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Is the White, Evangelical Church Changing Its Mind About Racial Injustice?

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When Derwin Gray, a former NFL player who pastors Transformation Church in Charlotte, North Carolina, heard the statistics, he wasn’t surprised. Gray, a black man who has long cultivated a more diverse Church body that embraces racial equality, said he’s seen “more of an awakening” from white Christians than ever in the past year, and is encouraged by new data showing that white, church-going Christians have begun to shift their views on race. 

According to fresh research from Barna Research, released exclusively today to ChurchLeaders, white, church-going Christians—long resistant to embrace things like the phrase “Black Lives Matter” or admitting racial discrimination is still present in society today—have slowly begun to shift their views on those issues and more. The research for the data surveyed 1,525 U.S. adults between June 18 and July 6, asking questions like “Do you think our country has a race problem?” and if the U.S. has been historically oppressive to minorities. 

It shows that on a number of hot button racial issues, practicing Christians in 2020 are definitively more affirming than in years past of efforts to combat injustice through protests, personal economic choices, language usage and the removal of Confederate statues.

The evolution of their support for use of “Black Lives Matter,” revealed in the new data, illuminates the stark shift. From only 13 percent of Christians supporting use of the phrase in 2015 (preferring “All Lives Matter” instead) to 45 percent holding a “positive” or “very positive” view in 2020, the jump is significant. 

Another dramatic leap within just the last year demonstrates evidence of change. In 2019, 48 percent of Christians “strongly” or “somewhat strongly” agreed that historically, the U.S. has been oppressive to minorities. The new data shows that number increased to 57 percent this year. What’s more, nearly 2/3rds (64 percent) of Christians report they are at least “somewhat motivated” to address racial injustice in our society.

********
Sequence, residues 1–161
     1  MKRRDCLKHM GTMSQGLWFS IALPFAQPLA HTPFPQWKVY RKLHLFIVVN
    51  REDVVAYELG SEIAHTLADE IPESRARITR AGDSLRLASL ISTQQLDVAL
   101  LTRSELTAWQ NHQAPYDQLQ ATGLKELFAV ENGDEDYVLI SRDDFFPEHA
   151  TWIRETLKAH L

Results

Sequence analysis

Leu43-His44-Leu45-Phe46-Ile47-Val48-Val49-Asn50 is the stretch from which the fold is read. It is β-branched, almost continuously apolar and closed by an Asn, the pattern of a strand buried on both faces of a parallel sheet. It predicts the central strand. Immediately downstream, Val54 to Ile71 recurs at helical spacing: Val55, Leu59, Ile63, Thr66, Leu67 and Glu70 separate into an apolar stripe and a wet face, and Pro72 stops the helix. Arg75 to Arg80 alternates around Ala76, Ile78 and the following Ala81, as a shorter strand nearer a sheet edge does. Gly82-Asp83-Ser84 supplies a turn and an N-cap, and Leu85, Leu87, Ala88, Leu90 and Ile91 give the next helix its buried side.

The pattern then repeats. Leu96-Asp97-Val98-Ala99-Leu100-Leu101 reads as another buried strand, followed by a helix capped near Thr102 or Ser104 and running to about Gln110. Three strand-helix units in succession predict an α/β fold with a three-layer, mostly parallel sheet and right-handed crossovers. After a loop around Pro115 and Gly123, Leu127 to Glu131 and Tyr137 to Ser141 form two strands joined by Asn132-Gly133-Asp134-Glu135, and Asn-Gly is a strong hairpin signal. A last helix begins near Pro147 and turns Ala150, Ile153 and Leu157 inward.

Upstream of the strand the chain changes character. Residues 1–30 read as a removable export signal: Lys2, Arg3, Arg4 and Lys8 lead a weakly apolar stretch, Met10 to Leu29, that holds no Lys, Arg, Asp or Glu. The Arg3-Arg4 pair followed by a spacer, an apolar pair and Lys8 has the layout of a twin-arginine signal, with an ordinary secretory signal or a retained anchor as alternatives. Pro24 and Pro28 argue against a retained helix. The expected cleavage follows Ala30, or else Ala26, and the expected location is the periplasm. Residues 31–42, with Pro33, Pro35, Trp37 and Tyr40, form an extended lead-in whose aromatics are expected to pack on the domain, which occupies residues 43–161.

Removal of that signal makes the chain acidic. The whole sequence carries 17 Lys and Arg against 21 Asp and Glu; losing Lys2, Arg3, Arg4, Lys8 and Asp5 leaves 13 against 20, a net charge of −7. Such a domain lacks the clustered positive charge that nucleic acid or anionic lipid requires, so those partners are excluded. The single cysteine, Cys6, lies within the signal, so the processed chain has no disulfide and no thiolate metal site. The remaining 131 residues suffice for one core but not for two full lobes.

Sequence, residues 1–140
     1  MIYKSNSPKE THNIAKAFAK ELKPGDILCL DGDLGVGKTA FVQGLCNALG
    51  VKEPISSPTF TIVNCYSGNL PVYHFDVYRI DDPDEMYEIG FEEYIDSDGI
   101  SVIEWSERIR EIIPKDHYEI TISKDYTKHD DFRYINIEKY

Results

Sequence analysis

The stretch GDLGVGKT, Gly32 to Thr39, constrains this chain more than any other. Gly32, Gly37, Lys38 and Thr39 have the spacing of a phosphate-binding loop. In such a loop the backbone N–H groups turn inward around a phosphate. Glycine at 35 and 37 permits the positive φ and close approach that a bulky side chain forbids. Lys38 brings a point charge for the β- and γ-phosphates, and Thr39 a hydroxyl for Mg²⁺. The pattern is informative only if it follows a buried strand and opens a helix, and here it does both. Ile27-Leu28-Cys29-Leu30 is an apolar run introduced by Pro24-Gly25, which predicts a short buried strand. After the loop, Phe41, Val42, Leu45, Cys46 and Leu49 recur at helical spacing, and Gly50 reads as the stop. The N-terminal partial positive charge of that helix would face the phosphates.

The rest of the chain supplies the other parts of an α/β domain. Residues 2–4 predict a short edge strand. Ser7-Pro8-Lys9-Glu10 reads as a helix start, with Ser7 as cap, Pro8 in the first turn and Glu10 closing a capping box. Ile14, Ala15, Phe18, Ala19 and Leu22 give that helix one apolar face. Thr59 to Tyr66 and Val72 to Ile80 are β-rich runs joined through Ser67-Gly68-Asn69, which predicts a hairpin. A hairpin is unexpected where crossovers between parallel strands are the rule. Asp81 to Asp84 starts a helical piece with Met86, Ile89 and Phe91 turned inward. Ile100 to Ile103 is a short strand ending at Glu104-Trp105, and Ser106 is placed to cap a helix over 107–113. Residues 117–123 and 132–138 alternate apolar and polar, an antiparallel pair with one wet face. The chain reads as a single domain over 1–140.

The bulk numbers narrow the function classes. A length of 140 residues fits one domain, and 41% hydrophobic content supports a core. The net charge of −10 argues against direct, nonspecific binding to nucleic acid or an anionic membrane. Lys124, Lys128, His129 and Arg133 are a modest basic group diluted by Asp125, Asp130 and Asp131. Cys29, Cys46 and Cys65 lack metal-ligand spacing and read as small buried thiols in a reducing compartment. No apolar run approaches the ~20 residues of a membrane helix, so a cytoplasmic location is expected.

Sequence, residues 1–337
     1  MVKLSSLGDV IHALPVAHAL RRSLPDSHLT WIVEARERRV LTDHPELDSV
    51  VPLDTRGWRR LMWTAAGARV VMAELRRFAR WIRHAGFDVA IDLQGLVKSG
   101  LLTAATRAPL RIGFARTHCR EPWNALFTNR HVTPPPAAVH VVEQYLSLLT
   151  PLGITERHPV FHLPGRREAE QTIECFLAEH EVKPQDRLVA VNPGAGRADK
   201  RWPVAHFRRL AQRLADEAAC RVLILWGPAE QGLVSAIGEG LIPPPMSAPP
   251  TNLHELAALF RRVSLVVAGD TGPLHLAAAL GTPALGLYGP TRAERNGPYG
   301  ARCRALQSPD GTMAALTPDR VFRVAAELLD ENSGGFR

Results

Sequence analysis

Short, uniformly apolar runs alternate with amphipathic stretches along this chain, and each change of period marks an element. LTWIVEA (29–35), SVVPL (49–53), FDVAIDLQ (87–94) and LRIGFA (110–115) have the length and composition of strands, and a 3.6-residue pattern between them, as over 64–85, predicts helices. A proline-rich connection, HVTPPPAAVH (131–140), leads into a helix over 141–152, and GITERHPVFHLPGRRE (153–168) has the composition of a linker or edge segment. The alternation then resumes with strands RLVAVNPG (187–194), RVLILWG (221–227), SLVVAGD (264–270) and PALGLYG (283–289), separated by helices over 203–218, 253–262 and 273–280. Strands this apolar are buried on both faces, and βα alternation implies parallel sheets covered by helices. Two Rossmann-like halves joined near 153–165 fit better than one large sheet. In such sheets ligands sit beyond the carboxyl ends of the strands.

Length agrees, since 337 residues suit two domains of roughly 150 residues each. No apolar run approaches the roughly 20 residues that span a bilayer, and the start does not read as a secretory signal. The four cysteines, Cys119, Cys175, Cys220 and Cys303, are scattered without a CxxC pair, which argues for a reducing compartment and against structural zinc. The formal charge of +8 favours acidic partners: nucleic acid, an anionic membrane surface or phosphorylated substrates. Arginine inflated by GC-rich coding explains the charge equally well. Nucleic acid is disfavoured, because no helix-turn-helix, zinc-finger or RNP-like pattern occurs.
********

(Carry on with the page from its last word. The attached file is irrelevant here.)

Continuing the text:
The longstanding gap between white and black evangelicals has begun to close, even if the gulf is still exceptionally wide. Gray admits the “majority culture evangelical church has struggled,” but he’s seen evidence of the “signs of revitalization” the new numbers reveal. 

“I’ve had more emails and calls in the last 2-3 months from white pastors seeking guidance, than I’ve had in the last few years combined,” he said, echoing reports from other young, black pastors who have been inundated. 

The white, Protestant Church inhabits ghosts when it comes to the historical treatment of Black people. Several factions of the Church (Baptists, Methodists, among them) split over disagreements regarding slavery, and Scripture was often used to justify support for both segregation and slavery, for example.

Many of these disparate viewpoints held by black and white Christians on the surveyed issues—like opinions on police brutality and outlawing the Confederate flag—are still apart. For example, white Christians are much more likely to view police brutality as an isolated incident, while the majority of black Christians view it as a larger, systemic problem. But the gap is shrinking within Christianity, led by Millennial and Gen Z Christians, who consistently align more with Black Christians. 

Justin Giboney, who is Black, and the co-founder of the AND Campaign, an organization focused on the intersection of faith and politics, like Gray, isn’t surprised by the positive shift either. Given the vocal set of white, evangelical voters who were put off by the election of President Trump in 2016, he said over the phone, it makes sense. Giboney attributes much of the positive change, however, to people “taking their blinders off” after witnessing the murders of George Floyd and Ahmaud Arbery earlier this year. 

In August, Giboney’s AND Campaign assembled a large group of Christian organizations to launch the Prayer & Action Justice Initiative, an effort to combat racial injustice and advocate for police reform across America. The coalition included a diverse collection of groups, including the National Association of Evangelicals, the Church of God in Christ denomination, National Latino Evangelical Coalition, the American Bible Society, Center for Public Justice, Prison Fellowship, the Asian American Christian Collaborative, the National Day of Prayer, and World Relief.